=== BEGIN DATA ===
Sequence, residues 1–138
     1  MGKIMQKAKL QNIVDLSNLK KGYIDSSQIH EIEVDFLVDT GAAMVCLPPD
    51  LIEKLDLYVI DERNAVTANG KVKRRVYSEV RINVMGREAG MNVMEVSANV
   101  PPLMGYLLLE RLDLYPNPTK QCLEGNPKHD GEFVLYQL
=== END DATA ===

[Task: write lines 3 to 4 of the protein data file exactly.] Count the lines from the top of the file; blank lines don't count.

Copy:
    51  LIEKLDLYVI DERNAVTANG KVKRRVYSEV RINVMGREAG MNVMEVSANV
   101  PPLMGYLLLE RLDLYPNPTK QCLEGNPKHD GEFVLYQL